There’s a big problem with the phone polls carried out by the major networks: They only represent the one percent of American voters who are willing to answer an unknown number.
To combat this problem, some of the polls have started to do online polling. For example, the recent PPP poll, described by respected “stats guru” Nate Silver as “scientific,” runs 20% of its sample through an online panel. In an email, PPP staff disclosed that this panel is Qualtrics, which is used by social scientists .
What’s startling is how this "scientific" poll shows much higher support for Johnson among the online respondents than among the phone respondents (12% vs. 5%). And given how biased some of the network phone polls are against Johnson's core base (independents and Millennials), it is likely that, in reality, support for his candidacy is much higher than these polls suggest.
As previously reported on IVN, Fox News -- one of the network polls used to determine debate inclusion by the Commission on Presidential Debates -- doesn't even come close to properly sampling independents. While most polls sample independents between 32 and 38 percent, Fox News samples them at 17 percent.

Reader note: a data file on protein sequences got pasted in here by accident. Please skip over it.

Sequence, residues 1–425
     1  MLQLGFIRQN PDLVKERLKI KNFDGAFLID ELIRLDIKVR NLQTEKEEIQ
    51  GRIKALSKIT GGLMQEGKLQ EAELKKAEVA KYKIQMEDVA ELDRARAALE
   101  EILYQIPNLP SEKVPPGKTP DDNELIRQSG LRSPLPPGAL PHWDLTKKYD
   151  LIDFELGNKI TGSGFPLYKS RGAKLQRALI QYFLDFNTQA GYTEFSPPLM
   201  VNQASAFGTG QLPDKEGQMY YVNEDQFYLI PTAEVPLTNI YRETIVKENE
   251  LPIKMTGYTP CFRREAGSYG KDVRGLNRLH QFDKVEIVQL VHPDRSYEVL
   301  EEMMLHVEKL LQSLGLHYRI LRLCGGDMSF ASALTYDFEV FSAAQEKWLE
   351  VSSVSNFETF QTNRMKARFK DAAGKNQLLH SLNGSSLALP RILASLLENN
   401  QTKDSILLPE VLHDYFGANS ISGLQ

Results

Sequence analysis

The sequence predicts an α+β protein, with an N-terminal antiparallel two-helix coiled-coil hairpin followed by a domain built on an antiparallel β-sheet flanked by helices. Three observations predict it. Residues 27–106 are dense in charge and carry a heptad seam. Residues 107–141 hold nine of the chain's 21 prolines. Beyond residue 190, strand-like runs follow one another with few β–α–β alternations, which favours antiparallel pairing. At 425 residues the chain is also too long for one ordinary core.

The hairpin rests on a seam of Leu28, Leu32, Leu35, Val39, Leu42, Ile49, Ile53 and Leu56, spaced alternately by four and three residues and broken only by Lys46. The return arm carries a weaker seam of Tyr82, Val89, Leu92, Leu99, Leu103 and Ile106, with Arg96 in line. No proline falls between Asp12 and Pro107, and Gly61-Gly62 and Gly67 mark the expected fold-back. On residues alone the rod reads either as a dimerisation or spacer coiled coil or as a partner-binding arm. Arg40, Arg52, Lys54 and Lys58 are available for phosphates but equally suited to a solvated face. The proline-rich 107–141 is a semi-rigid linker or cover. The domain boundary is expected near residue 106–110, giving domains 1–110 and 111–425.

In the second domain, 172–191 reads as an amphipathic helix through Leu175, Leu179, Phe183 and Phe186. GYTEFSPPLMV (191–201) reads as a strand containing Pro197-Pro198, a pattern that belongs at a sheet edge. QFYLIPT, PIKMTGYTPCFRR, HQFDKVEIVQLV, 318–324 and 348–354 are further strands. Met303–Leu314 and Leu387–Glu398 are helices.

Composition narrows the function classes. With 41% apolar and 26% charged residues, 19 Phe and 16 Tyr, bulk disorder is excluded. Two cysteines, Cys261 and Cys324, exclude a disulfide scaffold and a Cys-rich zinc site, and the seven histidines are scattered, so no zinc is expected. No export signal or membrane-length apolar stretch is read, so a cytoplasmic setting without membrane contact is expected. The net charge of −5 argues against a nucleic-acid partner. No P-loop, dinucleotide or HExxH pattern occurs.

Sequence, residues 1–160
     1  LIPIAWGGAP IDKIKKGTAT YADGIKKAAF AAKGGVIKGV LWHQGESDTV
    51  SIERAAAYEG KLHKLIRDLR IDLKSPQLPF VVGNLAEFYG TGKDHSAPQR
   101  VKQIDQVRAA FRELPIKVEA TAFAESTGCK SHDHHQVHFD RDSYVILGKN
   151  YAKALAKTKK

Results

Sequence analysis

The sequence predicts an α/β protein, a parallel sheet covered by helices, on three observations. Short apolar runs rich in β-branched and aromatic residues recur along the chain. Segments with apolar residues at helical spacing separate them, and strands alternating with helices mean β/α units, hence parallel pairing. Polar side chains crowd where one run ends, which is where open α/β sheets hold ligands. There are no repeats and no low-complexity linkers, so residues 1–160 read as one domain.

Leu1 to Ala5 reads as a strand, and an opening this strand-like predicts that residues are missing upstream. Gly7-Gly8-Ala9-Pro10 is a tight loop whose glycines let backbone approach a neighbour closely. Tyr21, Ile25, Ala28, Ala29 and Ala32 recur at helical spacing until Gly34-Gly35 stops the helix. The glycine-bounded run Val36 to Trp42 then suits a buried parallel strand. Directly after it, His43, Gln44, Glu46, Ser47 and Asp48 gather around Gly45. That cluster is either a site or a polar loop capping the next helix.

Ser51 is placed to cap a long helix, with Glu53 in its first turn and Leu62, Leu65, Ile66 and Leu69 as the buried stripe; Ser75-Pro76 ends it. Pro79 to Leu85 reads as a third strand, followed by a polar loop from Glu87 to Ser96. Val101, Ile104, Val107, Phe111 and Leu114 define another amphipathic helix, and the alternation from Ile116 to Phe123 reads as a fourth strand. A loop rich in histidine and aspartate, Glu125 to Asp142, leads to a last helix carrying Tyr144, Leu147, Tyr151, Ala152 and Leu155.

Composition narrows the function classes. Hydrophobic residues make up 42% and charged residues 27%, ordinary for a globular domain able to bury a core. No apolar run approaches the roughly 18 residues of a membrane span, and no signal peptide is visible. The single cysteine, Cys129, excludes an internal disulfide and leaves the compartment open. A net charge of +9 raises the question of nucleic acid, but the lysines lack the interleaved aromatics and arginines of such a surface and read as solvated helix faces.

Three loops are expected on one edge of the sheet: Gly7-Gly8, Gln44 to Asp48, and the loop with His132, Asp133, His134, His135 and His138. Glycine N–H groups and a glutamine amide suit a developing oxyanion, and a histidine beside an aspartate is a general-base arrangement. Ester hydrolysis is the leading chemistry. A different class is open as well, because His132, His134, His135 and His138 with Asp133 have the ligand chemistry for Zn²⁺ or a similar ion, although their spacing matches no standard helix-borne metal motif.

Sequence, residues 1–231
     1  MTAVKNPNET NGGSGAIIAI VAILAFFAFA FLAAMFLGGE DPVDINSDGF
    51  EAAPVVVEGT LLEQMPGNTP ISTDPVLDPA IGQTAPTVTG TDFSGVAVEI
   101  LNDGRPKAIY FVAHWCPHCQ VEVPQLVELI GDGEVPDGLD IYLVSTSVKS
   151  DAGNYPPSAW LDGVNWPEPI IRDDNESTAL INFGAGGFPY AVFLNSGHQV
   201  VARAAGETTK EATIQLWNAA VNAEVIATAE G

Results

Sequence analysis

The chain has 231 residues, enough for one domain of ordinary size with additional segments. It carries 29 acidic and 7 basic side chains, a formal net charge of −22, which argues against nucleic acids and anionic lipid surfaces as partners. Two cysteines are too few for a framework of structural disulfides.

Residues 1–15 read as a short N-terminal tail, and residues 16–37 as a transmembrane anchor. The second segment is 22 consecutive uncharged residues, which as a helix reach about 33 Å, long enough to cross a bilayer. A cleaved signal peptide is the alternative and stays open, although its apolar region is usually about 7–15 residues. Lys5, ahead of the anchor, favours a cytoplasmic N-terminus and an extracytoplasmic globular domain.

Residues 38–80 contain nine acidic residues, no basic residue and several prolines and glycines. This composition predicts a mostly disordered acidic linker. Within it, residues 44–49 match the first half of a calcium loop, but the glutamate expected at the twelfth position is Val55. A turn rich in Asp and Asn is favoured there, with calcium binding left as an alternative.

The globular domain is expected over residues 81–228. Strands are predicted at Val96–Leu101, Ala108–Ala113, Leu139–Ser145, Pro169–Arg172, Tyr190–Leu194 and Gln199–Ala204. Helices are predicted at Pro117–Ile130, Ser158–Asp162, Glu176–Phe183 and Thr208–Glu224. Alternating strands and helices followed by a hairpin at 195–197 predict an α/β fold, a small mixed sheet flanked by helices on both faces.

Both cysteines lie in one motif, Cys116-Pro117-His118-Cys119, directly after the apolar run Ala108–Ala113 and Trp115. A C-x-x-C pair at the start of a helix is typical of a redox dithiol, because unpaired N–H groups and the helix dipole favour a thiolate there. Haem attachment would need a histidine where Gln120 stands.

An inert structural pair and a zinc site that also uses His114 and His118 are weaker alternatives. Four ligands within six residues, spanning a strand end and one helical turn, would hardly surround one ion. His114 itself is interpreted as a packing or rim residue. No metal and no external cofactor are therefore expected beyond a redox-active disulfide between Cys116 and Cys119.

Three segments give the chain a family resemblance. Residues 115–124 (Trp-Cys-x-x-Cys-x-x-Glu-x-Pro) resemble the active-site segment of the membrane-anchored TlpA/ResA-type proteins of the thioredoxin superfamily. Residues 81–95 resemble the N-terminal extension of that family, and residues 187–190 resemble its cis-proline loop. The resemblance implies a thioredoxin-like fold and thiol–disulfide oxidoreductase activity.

Another network poll used by the debate commission, the CNN/ORC poll, doesn't even sample Millennials at all. And, breaking all scientific standards of responsiveness to research inquiries, CNN Polling Director Jennifer Agiesta has failed to respond to multiple emails requesting clarification or comment.
Is Johnson leading with these demographics? Yes he is. So it is not a stretch to say support for his campaign is greater than the media reports; especially, as distrust and dissatisfaction with the major party candidates remain at historic highs.
The phone polls fail to represent the American electorate. Open the debates.